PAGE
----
Developing Business Cases for New Services in Research Libraries

Recommendations: Part IV, The Business Planning Life Cycle

1 Leave a comment on paragraph 1 0 The above recommendations concerning the assessment of organizational readiness and business case development can be seen in the context of a larger business planning life cycle, as visualized in figure 1 (Traditional product management methodology uses variations on product life-cycle management that typically begin with ideation in the innovation context and continue through several stages to product modification or exit.)

2 Leave a comment on paragraph 2 0 Figure 1Figure 1 The Business Planning Life Cycle

3 Leave a comment on paragraph 3 0 Details of the life cycle are described in table 1.

4 Leave a comment on paragraph 4 0 Table 1Table 1: The Business Planning Lifecycle

5 Leave a comment on paragraph 5 0  

6 Leave a comment on paragraph 6 0 Elements of the Business Planning Life Cycle

7 Leave a comment on paragraph 7 0 Organizational assessment

8 Leave a comment on paragraph 8 0 Part I of the Recommendations above provides a four-step process for managing an organizational assessment. At the end of that process, the team proposing the new venture should conduct a go/no-go decision analysis to determine the likelihood of success in moving to the next step of the planning life cycle. The team should analyze the output of all four steps:

9 Leave a comment on paragraph 9 0 1. Mission review. Is the new venture consistent with the library’s mission statement? If the mission statement was successfully revised as a result of the review, then there is good reason to proceed to business case development. If the mission statement was not compatible with the new venture or there was not sufficient agreement with stakeholders on the revisions, then there is risk in moving forward to the next step. If the latter is true, but the new venture team has high confidence in the value proposition of the emerging proposal, then the team should consider affiliating with an allied institution or pursuing independent sponsorship and funding of the venture.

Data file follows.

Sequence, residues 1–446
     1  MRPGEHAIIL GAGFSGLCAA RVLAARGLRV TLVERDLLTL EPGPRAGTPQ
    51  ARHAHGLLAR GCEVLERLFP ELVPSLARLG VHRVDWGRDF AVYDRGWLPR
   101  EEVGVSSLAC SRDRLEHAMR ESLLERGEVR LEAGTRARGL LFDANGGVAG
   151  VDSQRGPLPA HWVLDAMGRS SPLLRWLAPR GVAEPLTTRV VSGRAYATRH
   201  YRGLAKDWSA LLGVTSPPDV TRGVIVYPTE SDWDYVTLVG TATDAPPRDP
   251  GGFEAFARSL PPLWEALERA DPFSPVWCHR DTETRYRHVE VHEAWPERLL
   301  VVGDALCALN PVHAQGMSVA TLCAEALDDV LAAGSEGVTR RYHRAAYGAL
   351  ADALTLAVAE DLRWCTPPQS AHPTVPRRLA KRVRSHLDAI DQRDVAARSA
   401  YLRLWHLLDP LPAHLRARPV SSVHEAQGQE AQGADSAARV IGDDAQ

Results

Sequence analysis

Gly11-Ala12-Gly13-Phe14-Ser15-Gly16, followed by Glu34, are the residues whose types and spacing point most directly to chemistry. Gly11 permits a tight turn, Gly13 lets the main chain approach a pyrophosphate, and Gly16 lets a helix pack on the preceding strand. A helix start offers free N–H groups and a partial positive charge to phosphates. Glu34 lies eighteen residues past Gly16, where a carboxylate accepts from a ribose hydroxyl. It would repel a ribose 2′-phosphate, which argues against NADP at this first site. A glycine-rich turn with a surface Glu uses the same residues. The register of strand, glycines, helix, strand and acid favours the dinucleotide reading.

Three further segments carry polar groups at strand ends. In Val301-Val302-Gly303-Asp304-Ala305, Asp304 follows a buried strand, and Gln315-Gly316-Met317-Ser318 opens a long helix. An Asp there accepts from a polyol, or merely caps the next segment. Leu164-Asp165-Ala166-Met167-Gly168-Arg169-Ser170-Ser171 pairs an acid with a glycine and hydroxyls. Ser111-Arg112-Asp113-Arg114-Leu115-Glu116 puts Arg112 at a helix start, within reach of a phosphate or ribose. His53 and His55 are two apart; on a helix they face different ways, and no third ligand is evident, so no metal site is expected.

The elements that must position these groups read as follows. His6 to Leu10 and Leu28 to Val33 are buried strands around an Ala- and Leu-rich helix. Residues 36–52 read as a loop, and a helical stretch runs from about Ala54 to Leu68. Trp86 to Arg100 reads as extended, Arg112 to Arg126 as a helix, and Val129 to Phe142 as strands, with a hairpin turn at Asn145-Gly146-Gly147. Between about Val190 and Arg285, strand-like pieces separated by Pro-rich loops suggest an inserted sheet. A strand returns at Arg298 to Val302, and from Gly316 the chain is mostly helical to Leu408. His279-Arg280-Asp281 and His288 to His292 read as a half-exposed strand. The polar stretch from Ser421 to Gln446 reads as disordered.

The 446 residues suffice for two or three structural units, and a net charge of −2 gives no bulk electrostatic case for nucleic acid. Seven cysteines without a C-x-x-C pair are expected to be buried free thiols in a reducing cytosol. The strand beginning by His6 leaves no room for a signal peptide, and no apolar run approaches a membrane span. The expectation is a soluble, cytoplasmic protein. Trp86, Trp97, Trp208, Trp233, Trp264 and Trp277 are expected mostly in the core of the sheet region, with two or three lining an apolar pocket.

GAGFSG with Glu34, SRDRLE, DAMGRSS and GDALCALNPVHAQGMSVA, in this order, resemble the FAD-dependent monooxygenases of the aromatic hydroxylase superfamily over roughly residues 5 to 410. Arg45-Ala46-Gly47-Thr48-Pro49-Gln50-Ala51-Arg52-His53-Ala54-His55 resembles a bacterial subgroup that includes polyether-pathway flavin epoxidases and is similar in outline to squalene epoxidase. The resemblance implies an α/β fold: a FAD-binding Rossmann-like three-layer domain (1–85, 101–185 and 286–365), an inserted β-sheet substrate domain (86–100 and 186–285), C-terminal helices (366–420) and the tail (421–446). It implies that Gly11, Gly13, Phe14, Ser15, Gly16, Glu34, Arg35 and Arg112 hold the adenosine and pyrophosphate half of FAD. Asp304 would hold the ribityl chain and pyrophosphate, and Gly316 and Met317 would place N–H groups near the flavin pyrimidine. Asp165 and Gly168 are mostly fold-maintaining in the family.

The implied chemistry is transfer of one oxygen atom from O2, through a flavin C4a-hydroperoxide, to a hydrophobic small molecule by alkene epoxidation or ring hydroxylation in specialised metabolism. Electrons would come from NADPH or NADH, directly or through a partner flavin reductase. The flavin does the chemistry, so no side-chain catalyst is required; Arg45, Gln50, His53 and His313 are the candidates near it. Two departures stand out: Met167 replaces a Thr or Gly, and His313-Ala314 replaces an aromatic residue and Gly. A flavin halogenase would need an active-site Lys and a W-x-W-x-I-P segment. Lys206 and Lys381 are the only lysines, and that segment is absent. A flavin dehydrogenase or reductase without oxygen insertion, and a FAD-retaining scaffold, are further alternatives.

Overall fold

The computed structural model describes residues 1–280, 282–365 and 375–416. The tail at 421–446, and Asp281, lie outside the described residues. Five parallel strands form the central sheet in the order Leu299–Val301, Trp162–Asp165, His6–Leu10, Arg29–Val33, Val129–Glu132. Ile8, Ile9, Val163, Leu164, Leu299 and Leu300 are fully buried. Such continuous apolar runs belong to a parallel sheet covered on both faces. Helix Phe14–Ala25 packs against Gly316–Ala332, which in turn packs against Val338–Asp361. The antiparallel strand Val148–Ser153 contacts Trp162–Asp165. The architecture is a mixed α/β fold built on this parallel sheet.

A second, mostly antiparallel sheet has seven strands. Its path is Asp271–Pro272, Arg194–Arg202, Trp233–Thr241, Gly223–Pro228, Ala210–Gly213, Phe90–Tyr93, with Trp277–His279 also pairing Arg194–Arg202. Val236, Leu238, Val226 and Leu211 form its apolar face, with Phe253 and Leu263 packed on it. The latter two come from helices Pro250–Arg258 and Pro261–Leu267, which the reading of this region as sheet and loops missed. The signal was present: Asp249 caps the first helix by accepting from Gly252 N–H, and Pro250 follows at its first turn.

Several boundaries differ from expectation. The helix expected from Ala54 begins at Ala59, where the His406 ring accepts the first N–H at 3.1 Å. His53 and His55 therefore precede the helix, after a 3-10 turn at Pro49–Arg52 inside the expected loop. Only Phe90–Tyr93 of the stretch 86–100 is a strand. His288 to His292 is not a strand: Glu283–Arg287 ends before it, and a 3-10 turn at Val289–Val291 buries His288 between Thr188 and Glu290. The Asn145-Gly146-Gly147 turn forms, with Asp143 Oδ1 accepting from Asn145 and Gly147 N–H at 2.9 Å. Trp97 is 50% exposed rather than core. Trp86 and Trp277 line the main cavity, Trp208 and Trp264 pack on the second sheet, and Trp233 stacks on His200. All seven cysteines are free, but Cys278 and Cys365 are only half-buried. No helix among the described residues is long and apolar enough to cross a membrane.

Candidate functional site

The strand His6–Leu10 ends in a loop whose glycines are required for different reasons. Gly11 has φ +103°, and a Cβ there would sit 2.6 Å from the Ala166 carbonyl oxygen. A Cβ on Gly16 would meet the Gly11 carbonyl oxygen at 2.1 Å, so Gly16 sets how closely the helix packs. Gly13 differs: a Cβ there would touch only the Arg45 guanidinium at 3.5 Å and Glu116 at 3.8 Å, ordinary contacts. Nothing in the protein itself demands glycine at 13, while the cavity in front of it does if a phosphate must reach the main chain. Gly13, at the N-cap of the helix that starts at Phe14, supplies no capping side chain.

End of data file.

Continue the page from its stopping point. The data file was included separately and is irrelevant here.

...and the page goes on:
10 Leave a comment on paragraph 10 0 2. Risk tolerance. Use the results of this step to gauge the risk tolerance of the parent institution. Decide if the institution will tolerate the risk in a way that will allow the venture to flourish. If not, then consider a no-go decision or alternative affiliation.

11 Leave a comment on paragraph 11 0 3. Mission outcomes. How compelling are the newly articulated outcomes? Are they clearly stated and likely to inspire the team and consumers of the service? Answers to these questions will inform a go/no-go decision.

12 Leave a comment on paragraph 12 0 4. Resources. Use the modified Brinckerhoff readiness checklist to analyze resource readiness.

13 Leave a comment on paragraph 13 0 The new venture team should also consider a comprehensive review of the overall balance between opportunity, resources, and the strength of the team in assessing the likelihood of success (Timmons and Spinelli 2009). Timmons and Spinelli argue that success in the entrepreneurial process can be predicted by the balance of opportunity, resources, and team. If any of those elements are out of balance, then the likelihood of success is reduced. They describe the entrepreneurial process as follows:

  • 14 Leave a comment on paragraph 14 0
  • It is opportunity driven
  • It is driven by a lead entrepreneur and an entrepreneurial team
  • It is resource parsimonious and creative
  • It depends on the fit and balance among these
  • It is integrated and holistic
  • It is sustainable